New Source of Transplantable Lungs?
Researchers in the U. K. have presented findings that lung transplants, even from heavy smokers, can be beneficial to those in need. A "heavy" smoker is someone who has more than a 20 pack-year history of smoking. The Annals of Thoracic Surgery report that the study used 237 participants between 2007 and 2012, and concluded that though the lungs of heavy smokers were older, there were no apparent differences in the acceptance by the body or benefits when compared to those of non-smokers.
I think this is big news. For years, the exclusion to lung donation was that if you were a heavy smoker, your lungs were no good. This research suggests otherwise. On the other end, if you are needing a new set of lungs, more opportunity may have just opened up because the exclusion appears to be unnecessary. Further study is needed, but it is exciting to think that more patients will spend less time on the waiting list for a new set of lungs and a new lease on life. According to Dr. Anton Sabashnikov, one of the researchers involved with the study, "donor lungs from heavy smokers should be considered for patients needing lung transplantation as they may provide a valuable avenue for expanding donor organ availability."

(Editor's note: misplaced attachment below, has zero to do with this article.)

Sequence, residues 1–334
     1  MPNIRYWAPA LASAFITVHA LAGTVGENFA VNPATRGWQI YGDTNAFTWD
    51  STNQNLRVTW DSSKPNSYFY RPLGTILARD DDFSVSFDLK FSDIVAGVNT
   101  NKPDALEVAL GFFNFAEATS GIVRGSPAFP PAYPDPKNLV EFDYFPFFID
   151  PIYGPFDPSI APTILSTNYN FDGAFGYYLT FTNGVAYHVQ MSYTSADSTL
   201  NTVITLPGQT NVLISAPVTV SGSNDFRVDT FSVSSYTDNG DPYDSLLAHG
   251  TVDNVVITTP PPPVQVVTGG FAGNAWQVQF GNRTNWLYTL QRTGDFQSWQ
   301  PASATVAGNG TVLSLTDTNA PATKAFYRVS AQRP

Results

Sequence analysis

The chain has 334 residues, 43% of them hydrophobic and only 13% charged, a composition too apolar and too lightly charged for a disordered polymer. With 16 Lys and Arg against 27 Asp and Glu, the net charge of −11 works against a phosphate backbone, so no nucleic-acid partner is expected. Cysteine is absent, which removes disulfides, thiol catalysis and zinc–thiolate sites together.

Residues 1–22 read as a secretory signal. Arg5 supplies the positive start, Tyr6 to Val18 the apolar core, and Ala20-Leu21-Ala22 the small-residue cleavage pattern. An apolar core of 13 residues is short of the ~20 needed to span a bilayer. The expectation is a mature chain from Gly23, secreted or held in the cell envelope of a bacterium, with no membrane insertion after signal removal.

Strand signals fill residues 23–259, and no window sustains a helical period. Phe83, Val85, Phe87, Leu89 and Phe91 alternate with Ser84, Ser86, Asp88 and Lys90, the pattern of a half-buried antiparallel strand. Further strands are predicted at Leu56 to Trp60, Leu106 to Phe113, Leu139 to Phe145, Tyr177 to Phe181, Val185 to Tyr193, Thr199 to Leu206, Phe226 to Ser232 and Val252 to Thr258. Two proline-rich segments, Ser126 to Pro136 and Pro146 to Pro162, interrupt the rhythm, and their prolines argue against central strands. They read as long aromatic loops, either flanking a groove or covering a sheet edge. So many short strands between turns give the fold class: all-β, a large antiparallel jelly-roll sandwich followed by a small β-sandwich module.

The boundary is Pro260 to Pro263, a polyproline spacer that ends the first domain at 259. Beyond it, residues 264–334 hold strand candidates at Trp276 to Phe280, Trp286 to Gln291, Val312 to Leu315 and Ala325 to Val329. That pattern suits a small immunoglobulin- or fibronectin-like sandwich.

In my opinion, we should continue to explore this. Lives are depending on it, and respiratory therapists need to stay updated on the subject and answer questions potential lung transplant patients may have about the safety and viability of lungs that have been subjected to heavy smoking. It is exciting to think that more lives can be improved and even saved based on this research. The U.S. must follow up with our own studies now, and see if we reach the same conclusions.
That's just my opinion,
Jim Thacker, MBA, MHA, CRT, AE-C